The Weekly Wire: For Your Situational Awareness 5/22/20
India and the saga of the Medium Multi-Role Combat Aircraft (MMRCA)
Hamilton Cook, Research Associate
Conflicting reports have emerged out of India over the past week regarding the status of the latest attempt by the Indian Air Force (IAF) to procure over a hundred modern fighter aircraft from international vendors under its MMRCA program. It began on May 15, when the Chief of the Defence Staff, General Bipin Rawat said that “The Indian Air Force is switching that to the LCA [Light Combat Aircraft or Tejas] … The IAF is saying, I would rather take the indigenous fighter. It is good.” It was then reported by a variety of news sources that India had scrapped the MMRCA proposal in exchange for purchasing 83 additional Tejas Mk 1A aircraft.
That was not the case.
On May 19, The Hindu conducted an interview with Air Chief Marshal Bhadauria which seemed to be aimed at clearing up Rawat’s statement. Air Chief Marshal Bhadauria stated that, “the global responses to the tender were being analysed after which they would go to the government for the grant of Acceptance of Necessity. We will finalize the way forward on the 114 (aircraft) tender.” Air Chief Marshal Bhadauria seemed to indicate that the 114-aircraft deal was a “different class” of fighter than the Tejas. It was also mentioned in the interview that India’s current large slate of defense imports could not be executed on and had to be staggered, which meant that the Tejas procurement had now become a “high-priority.”
All of this seems to be a hodge-podge of conflicting information, but it makes sense in context. The Indian government was already facing an economic slowdown before the country entered lockdown due to COVID-19. This meant that the Ministry of Finance had to issue draconian spending limitations to the different ministries in the Indian government, including the Ministry of Defense (MoD). These regulations will only allow the MoD to spend up to 20 percent of its total budget in Q2, with strict month-by-month limits of six percent in both May and June, while still being required to meet all pension obligations. This is putting monumental strain upon the MoD’s procurement accounts, and would force the delay or restructure of many programs if it were to continue beyond June.
The Indian government is acting as if it will. The IAF alone is planning on cutting its expenditures by 20-25 percent. Prime Minister Modi has, according to official sources, stated that indigenously developed and produced defense equipment would be given the “highest priority” to help forestall the worst of the coming economic recession. This, in turn, tracks with the statements made by both the Chief of Defence Staff and the Air Chief Marshall: the IAF has granted priority status to the already announced order of 83 Tejas Mark 1A, and a new timeline for MMRCA will be developed.
While the prioritization of indigenous projects over imports isn’t surprising, it was further enhanced by Finance Minister Nirmala Sitharaman, who stated in a press conference on May 18 that the government was expanding the list of weapons that could not be imported, which Air Chief Marshall Bhadauria noted included some radars, networks, and electronics along with basic trainers. However, seemingly to balance this, the Indian government is also raising the foreign direct investment limit on defense manufacturing joint ventures from 49 percent to 74 percent to incentivize localization and technology transfer. For the MMRCA, it means that the program has been delayed again in favor of indigenous production.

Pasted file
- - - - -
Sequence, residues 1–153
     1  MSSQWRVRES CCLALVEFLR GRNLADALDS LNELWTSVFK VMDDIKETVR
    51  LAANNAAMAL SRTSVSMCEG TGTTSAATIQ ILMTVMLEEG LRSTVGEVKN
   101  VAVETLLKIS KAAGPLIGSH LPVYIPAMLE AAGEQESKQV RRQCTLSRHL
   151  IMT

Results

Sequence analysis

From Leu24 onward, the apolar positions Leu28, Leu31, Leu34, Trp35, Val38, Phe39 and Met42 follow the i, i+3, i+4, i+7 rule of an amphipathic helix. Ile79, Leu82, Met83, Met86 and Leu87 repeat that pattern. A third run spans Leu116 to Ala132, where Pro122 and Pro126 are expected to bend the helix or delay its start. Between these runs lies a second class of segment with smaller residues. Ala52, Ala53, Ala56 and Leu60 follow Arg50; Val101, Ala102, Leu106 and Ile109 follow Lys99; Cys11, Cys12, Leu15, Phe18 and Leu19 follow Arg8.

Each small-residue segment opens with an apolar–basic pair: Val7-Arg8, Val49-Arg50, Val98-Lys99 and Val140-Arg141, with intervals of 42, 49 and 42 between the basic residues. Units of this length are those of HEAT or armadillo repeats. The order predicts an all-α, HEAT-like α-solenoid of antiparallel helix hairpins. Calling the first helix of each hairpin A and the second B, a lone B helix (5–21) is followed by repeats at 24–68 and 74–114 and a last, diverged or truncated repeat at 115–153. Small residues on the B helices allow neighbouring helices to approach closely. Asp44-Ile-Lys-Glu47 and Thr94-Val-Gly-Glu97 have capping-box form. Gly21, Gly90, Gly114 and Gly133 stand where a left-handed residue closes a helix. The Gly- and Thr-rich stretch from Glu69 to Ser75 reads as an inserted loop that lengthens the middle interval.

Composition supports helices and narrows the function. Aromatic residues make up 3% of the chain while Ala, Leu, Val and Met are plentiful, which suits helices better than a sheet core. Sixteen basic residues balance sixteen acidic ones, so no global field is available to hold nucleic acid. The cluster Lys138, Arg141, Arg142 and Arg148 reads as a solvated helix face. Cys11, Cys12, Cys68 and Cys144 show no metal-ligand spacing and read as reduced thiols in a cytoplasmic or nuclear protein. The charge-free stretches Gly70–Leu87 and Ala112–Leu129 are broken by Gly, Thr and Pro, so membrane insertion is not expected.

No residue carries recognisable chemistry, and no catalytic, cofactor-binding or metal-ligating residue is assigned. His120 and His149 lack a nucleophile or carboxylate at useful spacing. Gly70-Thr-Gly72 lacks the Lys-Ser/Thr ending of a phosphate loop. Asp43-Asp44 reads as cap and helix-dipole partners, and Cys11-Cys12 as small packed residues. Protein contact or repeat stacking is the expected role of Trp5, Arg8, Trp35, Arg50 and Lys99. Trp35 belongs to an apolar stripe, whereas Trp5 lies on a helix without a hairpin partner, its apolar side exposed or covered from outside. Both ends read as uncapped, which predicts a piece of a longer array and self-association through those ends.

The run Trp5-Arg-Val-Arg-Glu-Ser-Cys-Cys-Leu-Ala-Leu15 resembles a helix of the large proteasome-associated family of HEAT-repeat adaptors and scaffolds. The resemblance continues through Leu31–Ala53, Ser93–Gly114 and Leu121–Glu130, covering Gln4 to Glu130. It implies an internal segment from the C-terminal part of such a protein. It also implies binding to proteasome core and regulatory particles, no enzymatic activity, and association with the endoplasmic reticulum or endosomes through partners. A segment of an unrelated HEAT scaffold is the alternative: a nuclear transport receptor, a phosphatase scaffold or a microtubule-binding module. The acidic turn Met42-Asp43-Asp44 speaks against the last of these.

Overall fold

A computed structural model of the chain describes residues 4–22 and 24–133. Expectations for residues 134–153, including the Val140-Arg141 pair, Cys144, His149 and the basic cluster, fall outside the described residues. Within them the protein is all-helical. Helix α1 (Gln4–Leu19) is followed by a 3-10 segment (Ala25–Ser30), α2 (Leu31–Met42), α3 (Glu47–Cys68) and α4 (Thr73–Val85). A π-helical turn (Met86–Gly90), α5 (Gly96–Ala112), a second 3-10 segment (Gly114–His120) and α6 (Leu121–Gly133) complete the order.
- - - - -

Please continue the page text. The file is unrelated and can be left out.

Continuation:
On May 15, Airbus delivered the first two A330 Multi-Role Tanker Transport (MRTT) under NATO’s Multinational Multi-role Tanker Transport Fleet program to the Netherlands. The MRTT are being procured via NATO’s Support and Procurement Agency, though six NATO allies will be sharing the aircraft and the costs associated with flying them. Luxembourg and the Netherlands were the first to sign a memorandum of understanding with NATO and Airbus to acquire two A330s with the option for five additional aircraft in November 2012. Since then, four other NATO members have joined the program and expanded the number of MRTTs to acquire. Germany, Norway, Belgium, and the Czech Republic joined the program between 2017 and 2019, with NATO now acquiring eight A330s with the option to purchase three additional aircraft once the initial acquisition is complete. The anticipated completion date for the program is 2023. The purpose of the NATO program is to mitigate air refueling capability gaps across European countries, which was first identified during the 2012 NATO summit.
On May 15, it was reported that Northrop Grumman was in talks with the government of Norway over the potential sale of an undisclosed number of MQ-4C Triton unmanned aerial vehicles. Norway is looking for ways to provide more comprehensive surveillance of the northern reaches of its territory, and MALE/HALE unmanned platforms could viably fill that niche. Additionally, the Triton is meant to be paired with the P-8 manned aircraft, which Norway is currently integrating into its fleet. However, the talks are still at a very preliminary stage, so there are no contract details at this time.
On May 14, Spain officially joined the European Patrol Corvette (EPC) project under the Permanent Structured Cooperation on Defense and Security (PESCO) framework. France, Italy, and Greece are already part of the EPC program, for which Naviris will build ships. The EPC envisions a ship that can be tailored and customized to perform missions including offshore patrol, anti-surface warfare, anti-air warfare, and potentially anti-submarine warfare. French Floreal-class and Italian Comandanti and Cassiopea classes will be replaced by the EPC, while older Greek ships such as the Elli-class and Hydra-class could also be replaced.